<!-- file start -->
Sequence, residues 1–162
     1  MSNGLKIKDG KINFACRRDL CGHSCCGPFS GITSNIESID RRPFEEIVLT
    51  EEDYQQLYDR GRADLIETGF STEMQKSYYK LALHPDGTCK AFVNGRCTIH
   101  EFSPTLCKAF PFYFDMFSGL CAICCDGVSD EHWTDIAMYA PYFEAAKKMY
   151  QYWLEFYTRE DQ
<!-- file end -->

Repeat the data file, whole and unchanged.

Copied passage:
Sequence, residues 1–162
     1  MSNGLKIKDG KINFACRRDL CGHSCCGPFS GITSNIESID RRPFEEIVLT
    51  EEDYQQLYDR GRADLIETGF STEMQKSYYK LALHPDGTCK AFVNGRCTIH
   101  EFSPTLCKAF PFYFDMFSGL CAICCDGVSD EHWTDIAMYA PYFEAAKKMY
   151  QYWLEFYTRE DQ